Creatine Use Spreads to High School Athletes

From the WebMD Archives

Dec. 27, 2000 -- High school athletes and their parents may believe that because it's available in almost any health food store, it's okay to use the dietary supplement creatine. In fact, researchers from the Mayo Clinic found that almost 1 in 10 high school athletes are using this strength-enhancing substance. However, experts say that not enough is known about creatine's long-term health effects to label the supplement as safe.

Creatine is produced naturally when the body breaks down meat into energy that is released into muscles. The liver also makes creatine.

"The theory is that if we stuff the bodies with creatine, then we'll be stronger and quicker athletes," says Gary Werhonig, MS, assistant director of the Human Performance Laboratory at Colorado State University. "It's for short bursts of energy that last maybe 20 seconds. It's been shown it does work."

Though most athletes who have been surveyed about their creatine use believe that it enhances their athletic performance, controversy surrounds the practice of using the supplement to gain an edge on the playing field.

Although no long-term studies have been done, Werhonig tells WebMD that a few studies have indicated that there may be some health risks associated with creatine use. For example, muscles store creatine, but the kidneys remove it when too much is present. Many doctors and other sports medicine experts worry that taking the supplement for long periods of time could overwork the kidneys and damage them.

Because of these concerns, Werhonig says, it could be dangerous to take creatine or any supplement that has unknown effects. This is especially true for children and adolescents, who are still developing.

Thus, the results of the first formal survey of creatine use among a select population of high school athletes, published in the latest issue of the journal Mayo Clinic Proceedings, may be worrisome.

The study authors surveyed 328 male and female athletes, aged 14-18, from five schools in and around Rochester, Minn. They found that 8% of the students said they had used, or were still using, creatine.

This rate of high school creatine use compares with previous studies reporting that 32% of college athletes used the substance, as did 25-75% of professional football players and about 45% of a group of Norwegian weightlifters aged 17-31.

One of the most significant problems the researchers identified was that neither the scientific community nor the youngsters themselves have enough information about creatine's use or effects. They discovered that most high school creatine users get their information from friends and then purchase the substance in health food stores.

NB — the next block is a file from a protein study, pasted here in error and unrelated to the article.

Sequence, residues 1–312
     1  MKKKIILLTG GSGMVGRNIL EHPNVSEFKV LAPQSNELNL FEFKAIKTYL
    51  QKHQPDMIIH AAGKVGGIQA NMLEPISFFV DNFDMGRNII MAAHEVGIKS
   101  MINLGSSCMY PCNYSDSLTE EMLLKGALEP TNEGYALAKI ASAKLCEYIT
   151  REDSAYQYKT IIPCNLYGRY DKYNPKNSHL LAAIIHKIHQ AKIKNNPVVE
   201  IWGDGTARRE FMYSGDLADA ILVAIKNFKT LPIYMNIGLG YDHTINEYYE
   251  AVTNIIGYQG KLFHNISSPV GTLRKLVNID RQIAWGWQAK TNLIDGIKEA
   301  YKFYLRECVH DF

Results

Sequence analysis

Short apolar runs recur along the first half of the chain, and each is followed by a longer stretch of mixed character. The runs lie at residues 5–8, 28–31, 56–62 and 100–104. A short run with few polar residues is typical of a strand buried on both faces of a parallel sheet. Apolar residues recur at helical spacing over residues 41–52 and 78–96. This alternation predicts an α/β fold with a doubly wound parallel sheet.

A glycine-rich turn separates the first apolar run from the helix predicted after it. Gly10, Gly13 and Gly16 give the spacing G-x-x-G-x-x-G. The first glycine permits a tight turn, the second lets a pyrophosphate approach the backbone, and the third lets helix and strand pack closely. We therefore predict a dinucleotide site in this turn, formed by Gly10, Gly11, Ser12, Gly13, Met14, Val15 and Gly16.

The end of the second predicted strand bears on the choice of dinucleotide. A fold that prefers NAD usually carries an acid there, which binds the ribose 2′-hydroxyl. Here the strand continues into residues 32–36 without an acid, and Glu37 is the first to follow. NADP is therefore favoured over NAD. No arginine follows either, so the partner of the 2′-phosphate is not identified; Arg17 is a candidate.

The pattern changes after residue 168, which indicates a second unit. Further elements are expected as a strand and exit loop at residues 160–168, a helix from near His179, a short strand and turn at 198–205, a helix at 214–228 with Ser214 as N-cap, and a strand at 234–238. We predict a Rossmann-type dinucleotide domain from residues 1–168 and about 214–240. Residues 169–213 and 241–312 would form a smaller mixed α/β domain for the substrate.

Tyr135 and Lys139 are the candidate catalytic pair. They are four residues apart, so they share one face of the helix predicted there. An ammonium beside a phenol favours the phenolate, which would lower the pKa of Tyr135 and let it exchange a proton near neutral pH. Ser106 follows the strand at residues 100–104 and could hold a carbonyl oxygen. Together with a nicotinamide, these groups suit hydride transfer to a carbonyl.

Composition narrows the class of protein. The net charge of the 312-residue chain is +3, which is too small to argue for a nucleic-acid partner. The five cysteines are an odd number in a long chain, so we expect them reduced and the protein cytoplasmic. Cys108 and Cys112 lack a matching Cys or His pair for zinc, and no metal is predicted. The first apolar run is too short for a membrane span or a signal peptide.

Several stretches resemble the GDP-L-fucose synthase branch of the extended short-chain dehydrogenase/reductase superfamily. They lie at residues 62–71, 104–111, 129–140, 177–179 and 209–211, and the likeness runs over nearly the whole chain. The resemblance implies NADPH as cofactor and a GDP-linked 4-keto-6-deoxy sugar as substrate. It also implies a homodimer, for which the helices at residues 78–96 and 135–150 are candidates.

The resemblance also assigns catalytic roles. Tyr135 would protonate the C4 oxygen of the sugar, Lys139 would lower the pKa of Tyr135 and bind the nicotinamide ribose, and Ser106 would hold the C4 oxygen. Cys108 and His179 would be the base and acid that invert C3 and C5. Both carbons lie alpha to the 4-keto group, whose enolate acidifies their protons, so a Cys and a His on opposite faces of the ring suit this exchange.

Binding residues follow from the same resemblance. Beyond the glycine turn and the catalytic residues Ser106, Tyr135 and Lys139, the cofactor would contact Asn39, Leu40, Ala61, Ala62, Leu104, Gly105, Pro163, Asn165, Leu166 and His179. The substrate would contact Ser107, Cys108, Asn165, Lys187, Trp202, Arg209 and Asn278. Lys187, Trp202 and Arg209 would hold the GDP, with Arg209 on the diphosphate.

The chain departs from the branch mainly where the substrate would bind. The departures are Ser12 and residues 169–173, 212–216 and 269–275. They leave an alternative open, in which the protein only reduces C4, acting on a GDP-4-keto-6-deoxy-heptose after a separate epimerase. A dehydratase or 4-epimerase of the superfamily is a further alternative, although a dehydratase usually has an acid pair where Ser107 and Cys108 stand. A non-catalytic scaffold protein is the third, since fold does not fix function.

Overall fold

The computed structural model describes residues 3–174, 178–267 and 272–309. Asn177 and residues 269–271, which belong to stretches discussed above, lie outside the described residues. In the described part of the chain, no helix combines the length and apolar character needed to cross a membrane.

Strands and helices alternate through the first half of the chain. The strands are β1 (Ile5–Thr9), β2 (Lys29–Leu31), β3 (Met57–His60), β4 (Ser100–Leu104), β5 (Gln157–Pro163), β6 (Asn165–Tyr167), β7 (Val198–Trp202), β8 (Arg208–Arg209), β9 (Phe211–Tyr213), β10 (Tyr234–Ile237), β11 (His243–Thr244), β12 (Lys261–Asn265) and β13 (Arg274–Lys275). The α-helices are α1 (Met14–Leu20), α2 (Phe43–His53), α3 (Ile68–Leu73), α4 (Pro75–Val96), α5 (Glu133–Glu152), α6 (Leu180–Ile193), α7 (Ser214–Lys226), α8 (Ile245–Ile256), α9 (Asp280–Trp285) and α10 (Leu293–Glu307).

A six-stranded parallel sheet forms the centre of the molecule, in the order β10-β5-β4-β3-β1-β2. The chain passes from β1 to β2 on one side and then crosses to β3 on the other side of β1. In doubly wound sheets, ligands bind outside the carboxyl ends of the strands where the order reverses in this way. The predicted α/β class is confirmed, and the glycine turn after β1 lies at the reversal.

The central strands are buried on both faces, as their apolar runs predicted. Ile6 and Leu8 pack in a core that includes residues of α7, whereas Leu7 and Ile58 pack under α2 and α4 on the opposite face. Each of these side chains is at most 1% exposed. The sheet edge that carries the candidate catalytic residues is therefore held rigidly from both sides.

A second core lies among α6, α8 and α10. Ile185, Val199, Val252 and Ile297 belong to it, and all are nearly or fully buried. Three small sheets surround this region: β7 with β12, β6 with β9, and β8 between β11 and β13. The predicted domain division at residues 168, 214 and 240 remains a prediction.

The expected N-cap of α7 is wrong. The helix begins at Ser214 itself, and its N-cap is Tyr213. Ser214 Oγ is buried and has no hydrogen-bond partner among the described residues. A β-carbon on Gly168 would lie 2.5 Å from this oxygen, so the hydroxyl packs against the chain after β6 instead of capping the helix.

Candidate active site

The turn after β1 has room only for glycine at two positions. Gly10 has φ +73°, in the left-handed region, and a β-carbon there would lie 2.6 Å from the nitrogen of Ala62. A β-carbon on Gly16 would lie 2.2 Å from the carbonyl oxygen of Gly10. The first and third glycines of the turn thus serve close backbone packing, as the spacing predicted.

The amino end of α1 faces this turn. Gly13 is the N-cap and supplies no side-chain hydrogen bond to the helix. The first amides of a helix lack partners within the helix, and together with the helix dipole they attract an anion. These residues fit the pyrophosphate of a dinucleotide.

The authors also point out that that creatine, as a supplement, isn't regulated by the FDA, which may pose another problem. Substances sold as creatine may actually contain very little of the supplement or -- worse yet -- may contain other ingredients that could have their own ill effects.

According to the authors, the FDA and the National Collegiate Athletic Association (NCAA) have both expressed concern about creatine's effects because of reports of muscle cramping, strains, dehydration, stomach problems, nausea, and seizures in those who use it. But no studies have been done on these side effects either. Experts say it would be difficult to assess such health problems because creatine supplementation is relatively new.

Brian Robinson, MS, ATC/L, head athletic trainer for Glenbrook South High School in Glenview, Ill., says that he believes creatine use among high school athletes is less prevalent than it was about three years ago. But many students are still willing to try it, he says.

"We seem to live in a quick-fix society, and high school kids are looking for anything that will make them bigger, faster, stronger," Robinson tells WebMD. One of the reasons the teenagers are curious about creatine is the college athletes come home and talk about how big and strong they're getting and that they are taking the supplement. So the high schoolers think it's the creatine, but they don't realize that the football player is in heavy training and in the weight room three times a week."

The Mayo Clinic study showed that 85% of the high school respondents bought creatine in health food stores. Other studies had previously reported that college athletes generally obtained it directly from their training room. The NCAA has now passed a rule restricting this practice.

In his area, Robinson says the athletic trainers and coaches all advise both parents and students against taking any dietary supplements. He believes that increasing the knowledge that students and parents have about the substances has decreased usage.

"The easiest way for kids to convince the parents to let them take it is to tell them that the coaches say they should," he says. "But all the coaches here are on the same page: We discourage its use."

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